This will be our first Thanksgiving since leaving the church. I am curious about whether anyone's Thanksgiving traditions have changed with who you celebrate with and so forth. Every other year we have a huge Thankgiving dinner with all of my dads side of the family which is probably a group of 60 to 80 people. Almost all of them are TBM and none of them that I know of disbelieve TSCC. The longer we are out of TSCC, the less we want to be around them. Is that normal? We have never celebrated Thanksgiving with just us (my wife and kids). How do all of you go about Thanksgiving celebration?

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Yes, I think it's normal to not want to spend time with TBM family members--at first.

When I first left the church over....jeez, it's been 12 years, I didn't have much to do with my TBM family other than my sister, who always remained accepting and loving toward me. I created a 'new' family; a community of people like this who became like a family to me. This helped transition me into someone strong, who stood on my own concerning religion. I got my 'feet' as to why I didn't believe, and I stopped being negative, argumentative and offended. Once I established my own sense of rightness about where I was at, I spent more and more time with my family.

My DH and I just returned from a trip with ALL of them to CA! It was wonderful. I am now able to reconnect with them in a totally different way,and for me, religion is not an issue at all. It may be for them, but I don't see it and they don't show it. Sure they make little quips now and then about me coming back to church and we laugh about it. I would joke by saying "No way, I hear I'm on the roster for nursery duty!"

The point is, Micah, find your footing first before you subject yourself to haranguing by TBM's if you can. Use this time to establish not what you are against, but what you are for; what do you truly believe? What tenants of your time in the church do you want to impart to your children--because face it, the church isn't 100% evil. It has it's good points and one shouldn't throw the baby out with the bathwater. Teach your children your truth, your own sense of spirituality. Use this holiday time to establish 'rituals' that fit into who you are, who you are becoming.

Finally, learn to understand 'Mormonese'. It will help you in dealing with your TBM family if they bother you. My MIL recently spoke in church about the temple. We went to hear her and afterward she came to my DH and said "I want you and JulieAnn to go to the temple." He smiled and said "I know you do, mom." He said that because my DH and I understand that what she was really saying was "I love you."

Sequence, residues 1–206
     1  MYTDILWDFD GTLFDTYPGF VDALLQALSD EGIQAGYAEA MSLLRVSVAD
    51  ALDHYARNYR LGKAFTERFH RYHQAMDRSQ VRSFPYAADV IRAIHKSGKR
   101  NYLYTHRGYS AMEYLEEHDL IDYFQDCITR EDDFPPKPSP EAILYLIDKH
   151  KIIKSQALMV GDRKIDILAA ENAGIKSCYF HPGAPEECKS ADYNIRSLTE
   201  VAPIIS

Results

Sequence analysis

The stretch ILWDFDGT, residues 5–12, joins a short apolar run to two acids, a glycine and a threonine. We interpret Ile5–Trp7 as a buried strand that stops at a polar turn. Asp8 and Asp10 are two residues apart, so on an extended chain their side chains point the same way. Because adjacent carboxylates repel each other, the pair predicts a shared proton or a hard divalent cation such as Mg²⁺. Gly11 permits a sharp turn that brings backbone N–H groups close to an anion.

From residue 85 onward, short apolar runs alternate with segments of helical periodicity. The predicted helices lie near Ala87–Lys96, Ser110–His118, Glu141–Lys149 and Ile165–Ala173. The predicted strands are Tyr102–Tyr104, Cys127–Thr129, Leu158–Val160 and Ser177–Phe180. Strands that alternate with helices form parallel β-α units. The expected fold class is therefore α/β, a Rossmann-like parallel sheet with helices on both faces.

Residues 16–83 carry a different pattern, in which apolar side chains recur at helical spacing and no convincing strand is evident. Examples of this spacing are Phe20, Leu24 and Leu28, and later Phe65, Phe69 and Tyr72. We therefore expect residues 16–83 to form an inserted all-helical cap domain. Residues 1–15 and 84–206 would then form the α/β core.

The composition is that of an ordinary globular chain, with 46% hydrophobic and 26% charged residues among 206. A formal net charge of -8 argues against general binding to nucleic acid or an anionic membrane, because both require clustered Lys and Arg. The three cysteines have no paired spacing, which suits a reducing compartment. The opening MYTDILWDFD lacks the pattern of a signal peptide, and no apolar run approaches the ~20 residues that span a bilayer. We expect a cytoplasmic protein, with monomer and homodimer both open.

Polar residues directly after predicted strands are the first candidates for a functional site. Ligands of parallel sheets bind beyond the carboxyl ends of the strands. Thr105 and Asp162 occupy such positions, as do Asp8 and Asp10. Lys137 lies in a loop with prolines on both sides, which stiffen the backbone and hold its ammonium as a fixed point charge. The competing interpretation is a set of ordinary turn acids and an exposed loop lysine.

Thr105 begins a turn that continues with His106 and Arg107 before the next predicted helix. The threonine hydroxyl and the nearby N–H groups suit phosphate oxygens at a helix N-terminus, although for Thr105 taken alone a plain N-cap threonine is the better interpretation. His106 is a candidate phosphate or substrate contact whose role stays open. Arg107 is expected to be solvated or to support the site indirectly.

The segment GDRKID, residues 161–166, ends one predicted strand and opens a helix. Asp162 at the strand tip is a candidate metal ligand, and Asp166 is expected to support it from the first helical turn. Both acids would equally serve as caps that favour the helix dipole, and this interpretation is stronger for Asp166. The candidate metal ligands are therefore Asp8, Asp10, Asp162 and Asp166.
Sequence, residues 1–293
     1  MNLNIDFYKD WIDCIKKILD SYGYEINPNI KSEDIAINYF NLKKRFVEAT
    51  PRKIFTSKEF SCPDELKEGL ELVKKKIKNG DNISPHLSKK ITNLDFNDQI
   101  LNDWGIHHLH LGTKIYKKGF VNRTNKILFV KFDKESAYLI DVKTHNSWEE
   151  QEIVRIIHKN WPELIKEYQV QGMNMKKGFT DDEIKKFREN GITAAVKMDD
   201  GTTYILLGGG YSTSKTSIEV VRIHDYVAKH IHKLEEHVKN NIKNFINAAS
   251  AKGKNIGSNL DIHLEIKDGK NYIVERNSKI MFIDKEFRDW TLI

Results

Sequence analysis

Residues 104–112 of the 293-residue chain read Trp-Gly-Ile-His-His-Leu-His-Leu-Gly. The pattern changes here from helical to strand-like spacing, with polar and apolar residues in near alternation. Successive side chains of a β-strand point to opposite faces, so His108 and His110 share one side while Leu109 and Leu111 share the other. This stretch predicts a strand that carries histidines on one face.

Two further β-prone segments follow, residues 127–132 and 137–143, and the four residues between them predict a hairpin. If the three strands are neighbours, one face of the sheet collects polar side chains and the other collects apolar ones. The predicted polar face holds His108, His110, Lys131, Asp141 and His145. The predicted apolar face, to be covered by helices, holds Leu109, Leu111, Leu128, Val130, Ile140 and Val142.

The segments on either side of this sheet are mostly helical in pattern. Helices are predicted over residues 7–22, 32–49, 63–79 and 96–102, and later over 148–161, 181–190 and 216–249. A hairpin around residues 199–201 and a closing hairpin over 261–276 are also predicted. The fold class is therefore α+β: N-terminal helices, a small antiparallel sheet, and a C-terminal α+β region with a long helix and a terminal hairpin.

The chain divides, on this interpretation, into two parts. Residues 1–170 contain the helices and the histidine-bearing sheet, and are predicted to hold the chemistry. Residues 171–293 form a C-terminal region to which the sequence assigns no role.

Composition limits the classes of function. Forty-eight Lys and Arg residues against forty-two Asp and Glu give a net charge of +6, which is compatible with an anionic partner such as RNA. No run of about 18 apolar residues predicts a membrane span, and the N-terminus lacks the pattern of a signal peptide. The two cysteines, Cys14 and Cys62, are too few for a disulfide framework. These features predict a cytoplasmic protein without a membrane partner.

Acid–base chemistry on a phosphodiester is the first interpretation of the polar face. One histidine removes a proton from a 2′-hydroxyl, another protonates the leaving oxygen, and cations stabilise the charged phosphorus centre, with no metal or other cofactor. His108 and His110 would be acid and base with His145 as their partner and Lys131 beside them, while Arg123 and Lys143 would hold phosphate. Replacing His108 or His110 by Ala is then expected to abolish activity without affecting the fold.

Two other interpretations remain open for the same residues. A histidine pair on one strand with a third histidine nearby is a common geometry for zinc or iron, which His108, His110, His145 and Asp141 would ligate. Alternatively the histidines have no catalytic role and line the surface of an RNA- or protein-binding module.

Excellent points JulieAnn! Definately find your own ground. We have been redefining our holidays and deciding how to do things. For Thanksgiving, not much has changed, but for Christmas, we are celebrating a couple days early on the Winter Solstice and then we will go to my inlaws house for Christmas, since that is what they celebrate. It's similar to Jewish-Christian families where you celebrate both Hankukah and Christmas with the side of the family that celebrates with you.
Ah, I miss my pagan days. :0) I used to be pagan--I still celebrate Solstice, just include Christmas as well--being an atheist poses it's challenges at Christmas, too.
Think of Christmas as an American tradition, non religious. That seems how it has become anyway.
I always only had thanksgiving at home with my husband and littleones. I always declined others invitations, even family.

Yes I think your feelings are normal. At first it may be hard to be around TBM family, after a while you just might not even care. It gets easier to be around them as you come to peace with yourself and no longer care about the church. You'll talk about it less and less and then realize your over it.
You might find yourself thinking about, the prayer, the blessing. Who's going to say it? We have a big 'great room' and we have sat 32 people for turkey day. 30 years for me, I was a convict,er, convert, and the wife was BIC and active for 50 years, then four years ago we resigned. Anyway, my oldest sister and BIL were or, still are, christian. So, prayer is still important to them.(I'm thinking of Ben Stiller in 'Meet the Focker's'. his prayer....


Have fun with this perdickament.
I'm not too sure what is going on with Thanksgiving with my family. It may involve the TBM extended family at my parents house. This poses a challenge for my parents, because they doesn't believe in the church either. The prayer thing gets a little awkward. No one gets churchy with us, thankfully. I haven't sent in my resignation yet, I'm hoping to send it after the holiday season.

We've done a small thanksgiving get together. I find those to be a lot more fun. We don't pray and we just say what we are thankful for. It's a lot more intimate and no family drama. Ugh.

As for Christmas, my parents were adamant on celebrating at home. We try to avoid big get togethers with the extended family at Christmas. We do the family christmas party and all that.

Christmas isn't a religious thing for my family at all. I love Christmas because of the traditions we have. We make a great dinner, make cookies, open gifts, watch movies. We stay in our pj's all day long and just have a good time.

I love the holiday season, personally. When we are around TBM relatives, it gets a little kooky, but that's what we expect.


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